And I am convinced that nothing can ever separate us from God’s love. Neither death nor life, neither angels nor demons, neither our fears for today nor our worries about tomorrow. . . ~Romans 8:38 NLT
“Okay guys, I’m going to get dressed really quickly and then we’re going to get read–” I stopped mid-sentence because I had reached out, placed my hand on the brass doorknob to my bedroom only to find that the doorknob wouldn’t give in either direction and the door was tightly shut.
“You’ve gotta be kidding me,” I said out loud, to no one in particular. I stared blankly at the white door in front of me, in utter disbelief. My kids and I had just finished an arts and crafts project leaving us with exactly one hour to get dressed, round up our things and arrive on time to a birthday party that started in exactly two hours. I had left extra room in the schedule to stop and get a gift on our way to the party. And I was trying to be better about being on time because I’m usually not on time, especially if I’m traveling with the kids, and now one of my beloved children had locked me out of my bedroom derailing my whole timeline, not to mention my sanity.
I looked down to the bottom of the staircase where my two year old grinned up at me. “Mommy, I locked the door!” he proudly exclaimed. In that moment, I felt so much rage, it seemed almost unnatural. He was smiling with that toddler look that I think all toddlers must teach each other–that look that says “I know I wasn’t supposed to do that but I’m so cute and innocent-looking in this moment, you wouldn’t dare unleash the fury that you really feel because you love me, and also did I mention that I’m cute?” I closed my eyes and took a deep breath.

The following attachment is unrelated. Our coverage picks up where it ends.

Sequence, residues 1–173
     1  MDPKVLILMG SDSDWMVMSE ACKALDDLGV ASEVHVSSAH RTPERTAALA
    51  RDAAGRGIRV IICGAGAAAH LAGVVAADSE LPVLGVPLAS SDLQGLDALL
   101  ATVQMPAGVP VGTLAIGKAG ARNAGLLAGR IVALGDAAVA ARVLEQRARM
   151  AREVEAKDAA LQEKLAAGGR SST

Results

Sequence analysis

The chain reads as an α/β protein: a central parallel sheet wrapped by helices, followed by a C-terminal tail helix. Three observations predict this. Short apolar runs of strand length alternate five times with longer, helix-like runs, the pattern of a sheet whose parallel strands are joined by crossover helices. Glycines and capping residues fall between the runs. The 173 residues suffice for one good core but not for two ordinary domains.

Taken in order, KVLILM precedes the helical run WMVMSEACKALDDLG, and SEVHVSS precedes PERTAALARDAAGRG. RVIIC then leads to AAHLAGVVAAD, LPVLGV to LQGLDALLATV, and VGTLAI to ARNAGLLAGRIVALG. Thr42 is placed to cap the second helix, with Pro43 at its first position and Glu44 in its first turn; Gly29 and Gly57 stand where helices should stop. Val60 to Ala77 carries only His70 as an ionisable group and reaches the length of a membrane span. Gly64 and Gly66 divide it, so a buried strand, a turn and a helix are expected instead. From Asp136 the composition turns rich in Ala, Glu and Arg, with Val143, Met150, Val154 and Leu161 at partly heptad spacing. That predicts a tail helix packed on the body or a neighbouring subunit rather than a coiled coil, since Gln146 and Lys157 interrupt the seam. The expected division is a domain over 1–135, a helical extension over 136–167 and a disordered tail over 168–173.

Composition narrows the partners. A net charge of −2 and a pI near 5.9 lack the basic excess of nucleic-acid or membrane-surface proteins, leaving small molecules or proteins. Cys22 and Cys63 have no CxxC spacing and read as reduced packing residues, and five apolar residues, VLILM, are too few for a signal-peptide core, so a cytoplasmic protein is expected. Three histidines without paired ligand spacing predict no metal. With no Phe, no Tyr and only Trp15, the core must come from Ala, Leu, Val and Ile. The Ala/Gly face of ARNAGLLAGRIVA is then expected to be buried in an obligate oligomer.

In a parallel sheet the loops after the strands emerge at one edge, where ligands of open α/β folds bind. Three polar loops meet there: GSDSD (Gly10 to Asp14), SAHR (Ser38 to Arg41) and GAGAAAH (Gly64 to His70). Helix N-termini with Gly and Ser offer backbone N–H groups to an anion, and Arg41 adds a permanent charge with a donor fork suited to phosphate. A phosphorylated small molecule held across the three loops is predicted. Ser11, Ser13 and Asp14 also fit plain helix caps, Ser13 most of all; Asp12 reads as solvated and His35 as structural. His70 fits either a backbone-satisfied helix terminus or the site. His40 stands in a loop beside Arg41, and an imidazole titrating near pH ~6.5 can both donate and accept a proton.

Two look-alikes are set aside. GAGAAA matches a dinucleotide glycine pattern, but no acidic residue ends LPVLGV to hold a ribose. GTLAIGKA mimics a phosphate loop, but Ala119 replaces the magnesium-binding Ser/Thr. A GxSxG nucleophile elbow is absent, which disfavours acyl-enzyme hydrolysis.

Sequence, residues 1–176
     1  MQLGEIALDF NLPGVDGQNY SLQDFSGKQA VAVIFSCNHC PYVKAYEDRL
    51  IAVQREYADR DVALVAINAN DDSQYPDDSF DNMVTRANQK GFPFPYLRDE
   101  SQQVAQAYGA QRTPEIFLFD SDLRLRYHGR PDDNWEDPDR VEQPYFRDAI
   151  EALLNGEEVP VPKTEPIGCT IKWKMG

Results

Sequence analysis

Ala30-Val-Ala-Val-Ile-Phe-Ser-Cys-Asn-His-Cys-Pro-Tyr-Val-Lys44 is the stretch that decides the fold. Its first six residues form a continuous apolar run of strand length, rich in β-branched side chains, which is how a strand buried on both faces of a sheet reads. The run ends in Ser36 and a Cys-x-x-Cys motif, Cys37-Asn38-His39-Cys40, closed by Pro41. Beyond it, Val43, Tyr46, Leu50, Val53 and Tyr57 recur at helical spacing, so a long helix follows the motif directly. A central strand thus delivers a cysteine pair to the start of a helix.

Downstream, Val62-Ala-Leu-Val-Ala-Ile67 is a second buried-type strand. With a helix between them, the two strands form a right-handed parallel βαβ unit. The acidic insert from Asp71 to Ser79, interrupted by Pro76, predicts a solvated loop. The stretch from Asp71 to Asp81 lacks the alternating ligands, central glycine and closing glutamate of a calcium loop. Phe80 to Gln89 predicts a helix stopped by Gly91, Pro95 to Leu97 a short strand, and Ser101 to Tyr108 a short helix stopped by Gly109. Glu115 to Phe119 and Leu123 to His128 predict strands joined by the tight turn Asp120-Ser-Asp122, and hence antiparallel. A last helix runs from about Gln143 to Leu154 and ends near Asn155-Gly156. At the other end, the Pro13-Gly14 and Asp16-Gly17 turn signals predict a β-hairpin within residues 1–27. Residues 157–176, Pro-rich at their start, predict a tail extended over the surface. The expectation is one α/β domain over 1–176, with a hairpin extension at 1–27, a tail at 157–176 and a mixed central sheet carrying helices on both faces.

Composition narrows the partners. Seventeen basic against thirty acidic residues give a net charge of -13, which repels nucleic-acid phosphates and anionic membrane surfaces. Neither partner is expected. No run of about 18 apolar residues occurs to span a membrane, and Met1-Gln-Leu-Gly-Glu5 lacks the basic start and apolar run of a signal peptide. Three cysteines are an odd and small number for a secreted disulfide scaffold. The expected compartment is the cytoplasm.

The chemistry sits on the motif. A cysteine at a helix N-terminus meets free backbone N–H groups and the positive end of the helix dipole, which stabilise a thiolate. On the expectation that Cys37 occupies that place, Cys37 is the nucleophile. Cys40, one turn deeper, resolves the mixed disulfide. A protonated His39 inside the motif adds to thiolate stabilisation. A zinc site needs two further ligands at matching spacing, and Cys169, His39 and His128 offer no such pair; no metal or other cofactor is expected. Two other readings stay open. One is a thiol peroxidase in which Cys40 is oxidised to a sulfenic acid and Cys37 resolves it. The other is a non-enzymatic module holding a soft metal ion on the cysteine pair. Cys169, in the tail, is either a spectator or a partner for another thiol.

Fast forward four hours later (and throw in a locksmith, the quickest shower known to man, and scooping up of children, one under each arm), and I am at the party with my kids, having a good time. And no, we did not make it on time. But we weren’t terribly late and there I was pushing that same two year old in a miniature car across the lawn. He was having a blast, which made me smile and I gave him an extra little tickle, because after all, he really is just so cute.
In that moment, I thought about God. I wondered how many times I had locked him out his bedroom, metaphorically speaking, and how many times he had closed his eyes and taken a deep breath. In that moment I silently and quickly thanked him for being a good, good father. He’s a father who loves me, despite my mistakes. And his posture towards me, towards us, is never one of guilt or shaming. Our Father loves us, and there is nothing that we could ever do that would stop him from loving us or wanting the best for us. That kind of love is awesome.
Just think about your child, or your niece or nephew, or even a younger sibling, and how much you love that person, and would do just about anything for him or her. If we’re human and imperfect, how much more amazing is the love that God has for us, his children? We don’t ever have to wonder if God wants to bless us with an amazing life (John 10:10) or use us to help make someone else’s life a little more amazing (Matthew 7:12). Of course he does. He’s a good, good father and we are loved by him.